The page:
I believe that by voting in favor of health care reform, U.S. Rep. Betsy Markey proves that she is brave leader for Colorado’s fourth district. After reading Joe Krogmeier’s guest opinion (“Markey’s health-care errors,” April 11), I was compelled to respond with the many reasons why I disagree, point by point.
In his first and most prominent argument, Krogmeier suggests that the $1.3 trillion deficit reduction over the next 20 years (as determined by the Congressional Budget Office) is suspect due to creative accounting. This claim is unsubstantiated and it’s important to note that the CBO is an impartial body that reviews all bills proposed by Congress. The CBO reviewed both of the Bush tax cuts and made a good estimation of what the costs to our country would be. Unfortunately, President Bush and the Congress of those days moved ahead in spite of the devastating CBO numbers. While I agree that only time will tell if the health-care bill saves Americans money, I appreciate this Congress’ efforts, and Rep. Markey’s vote, to reduce the national deficit.
I for one am rooting for savings and had a government-sponsored insurance option such as Medicare for all been offered, the savings and even earnings, yes earnings, for the Medicare program could have led to greater deficit reduction. Imagine if healthy young Americans could buy an affordable insurance plan through the struggling Medicare program. In this case, the balance of those insured would resemble a for-profit insurance company.
Although not presented in any measurable way, Krogmeier wonders if those with pre-existing conditions elected not to buy coverage when they were healthy and are therefore now excluded from the private insurance pool. Perhaps this is the case for some of those looking for high-risk coverage, but let’s examine another possibility: Until the autumn of 2008, most hard-working Americans had jobs, health insurance, homes, 401(k)’s, etc. Because of the Bush administration’s bank bailouts, tax cuts, wars and the largest expansion of government in history (none of which were paid for), many Americans are now without jobs, health insurance, retirement funds, homes, etc. And while it’s very convenient to blame individuals for insurance company abuses, once again, it is not based on anything factual.
Taking this one step further, we must keep in mind that many of these out-of-work Americans have children. Without a doubt some of these children have pre-existing conditions and when parents lose coverage, so do their children. Now Krogmeier proposes that we throw these children into a government program such as Medicaid. Extending government aid to these children as the private insurance companies who refuse to insure them continue to make record profits is not a fiscally sound answer. Without the recently passed reform, Medicaid costs would continue to drive our deficit up. This suggestion is ultimately the antithesis to Krogmeier’s central argument.
In a more personal attempt to crush this legislation Krogmeier implies that should his insurance premiums increase (as if they weren’t already skyrocketing), he will drop out of the private insurance pool, wait until he has a health crisis, then stick it to the government by applying for high-risk subsidized coverage. This is indeed an option and while I wish Krogmeier continued good health, I must remind him that without health insurance, routine procedures can be quite costly, even prohibitive. Failure to receive regular preventative medical care greatly increases an individual’s risk of developing serious – and expensive – medical problems. This is a high price to pay for an opportunity to stick it to Uncle Sam and I am doubtful that many Americans would choose this path.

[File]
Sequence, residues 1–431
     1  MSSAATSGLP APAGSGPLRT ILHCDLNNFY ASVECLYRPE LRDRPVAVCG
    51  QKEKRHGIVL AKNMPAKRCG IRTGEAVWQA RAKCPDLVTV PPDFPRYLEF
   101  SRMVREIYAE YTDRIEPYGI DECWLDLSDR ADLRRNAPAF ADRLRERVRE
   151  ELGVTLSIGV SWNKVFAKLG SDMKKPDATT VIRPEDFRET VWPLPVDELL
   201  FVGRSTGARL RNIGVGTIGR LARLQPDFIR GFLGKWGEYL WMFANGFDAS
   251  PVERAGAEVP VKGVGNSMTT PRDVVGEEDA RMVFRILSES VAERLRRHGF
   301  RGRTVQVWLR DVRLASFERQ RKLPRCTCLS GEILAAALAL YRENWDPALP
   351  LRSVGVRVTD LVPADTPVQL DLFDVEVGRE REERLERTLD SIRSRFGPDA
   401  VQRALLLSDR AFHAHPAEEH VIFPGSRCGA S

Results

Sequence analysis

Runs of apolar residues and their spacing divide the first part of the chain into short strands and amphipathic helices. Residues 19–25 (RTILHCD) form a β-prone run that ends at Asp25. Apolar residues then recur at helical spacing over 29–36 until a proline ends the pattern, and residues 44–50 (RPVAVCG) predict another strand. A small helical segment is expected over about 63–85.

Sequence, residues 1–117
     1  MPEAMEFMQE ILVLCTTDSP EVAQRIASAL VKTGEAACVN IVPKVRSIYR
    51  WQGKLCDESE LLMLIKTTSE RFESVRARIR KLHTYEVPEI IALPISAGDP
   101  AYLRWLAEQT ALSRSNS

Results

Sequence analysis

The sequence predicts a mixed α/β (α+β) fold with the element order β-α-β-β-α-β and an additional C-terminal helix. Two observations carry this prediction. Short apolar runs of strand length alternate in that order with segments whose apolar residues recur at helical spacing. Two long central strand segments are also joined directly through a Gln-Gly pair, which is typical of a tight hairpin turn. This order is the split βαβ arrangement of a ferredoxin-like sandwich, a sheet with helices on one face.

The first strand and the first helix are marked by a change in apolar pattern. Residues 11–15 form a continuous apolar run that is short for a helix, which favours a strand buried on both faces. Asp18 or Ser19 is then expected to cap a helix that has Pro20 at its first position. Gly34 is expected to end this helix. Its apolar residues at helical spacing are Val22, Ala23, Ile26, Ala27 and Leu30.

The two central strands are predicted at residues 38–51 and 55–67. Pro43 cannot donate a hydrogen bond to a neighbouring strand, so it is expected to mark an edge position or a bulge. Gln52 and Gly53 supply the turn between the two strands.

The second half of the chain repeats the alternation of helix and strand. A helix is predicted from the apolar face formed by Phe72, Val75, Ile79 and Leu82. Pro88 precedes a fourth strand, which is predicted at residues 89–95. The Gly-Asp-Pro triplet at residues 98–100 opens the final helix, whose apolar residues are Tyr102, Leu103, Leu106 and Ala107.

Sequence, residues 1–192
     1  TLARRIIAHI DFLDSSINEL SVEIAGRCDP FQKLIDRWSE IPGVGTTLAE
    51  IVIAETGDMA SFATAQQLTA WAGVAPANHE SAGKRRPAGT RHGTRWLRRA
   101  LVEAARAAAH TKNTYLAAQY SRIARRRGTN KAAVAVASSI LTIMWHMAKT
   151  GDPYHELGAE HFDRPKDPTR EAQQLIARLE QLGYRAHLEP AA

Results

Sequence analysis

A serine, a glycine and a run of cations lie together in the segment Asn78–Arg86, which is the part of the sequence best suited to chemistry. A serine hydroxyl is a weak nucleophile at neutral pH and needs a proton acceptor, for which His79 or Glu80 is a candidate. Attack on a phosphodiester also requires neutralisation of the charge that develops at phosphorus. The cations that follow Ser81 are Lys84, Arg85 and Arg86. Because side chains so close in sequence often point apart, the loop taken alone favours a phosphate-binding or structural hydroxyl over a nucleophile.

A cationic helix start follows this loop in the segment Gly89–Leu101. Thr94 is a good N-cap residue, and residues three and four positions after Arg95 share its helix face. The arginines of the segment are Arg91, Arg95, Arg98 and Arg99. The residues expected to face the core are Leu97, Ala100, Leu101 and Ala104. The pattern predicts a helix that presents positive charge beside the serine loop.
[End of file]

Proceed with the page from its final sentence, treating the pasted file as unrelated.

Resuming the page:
I also reject Krogmeier’s argument that this new sense of entitlement will create an increased burden on the nation’s budget. You see, the public already has free and unlimited access to emergency rooms if in need. The numbers of Americans being forced into this most-expensive, least-efficient form of health care has been rising steadily. As a result, Americans already pay for these individuals through increased taxes and rising health insurance premiums.
Finally, and most importantly, Rep. Markey’s constituents did indeed support this legislation. Rep. Markey was elected by a margin of more than 10 percentage points over incumbent Marilyn Musgrave in November of 2008. During the campaign, Rep. Markey ran very clearly on the position of supporting candidate Obama’s agenda and health care reform was at the top of his list. So it appears that either Krogmeier believes that his fellow 4th Congressional District voters are uninformed – or perhaps it is he who is uninformed.
It’s time to get the facts straight. Rep. Markey is doing what she can to reduce the huge national deficit left by the previous president. The Bush administration ran up the largest national debt in American history with no regard for our children or grandchildren. Moreover, Rep. Markey is going one step further. By supporting a renewable energy economy, not only is Rep. Markey reducing the national deficit and putting Americans to work, she is working hard to leave our children and grandchildren a healthy planet to reside upon.
Thank you Rep. Markey for being brave enough to do what is best for Colorado and for our country.
Kendra Appelman-Eastvedt lives in Longmont.
This opinion first appeared in the LongmontLedger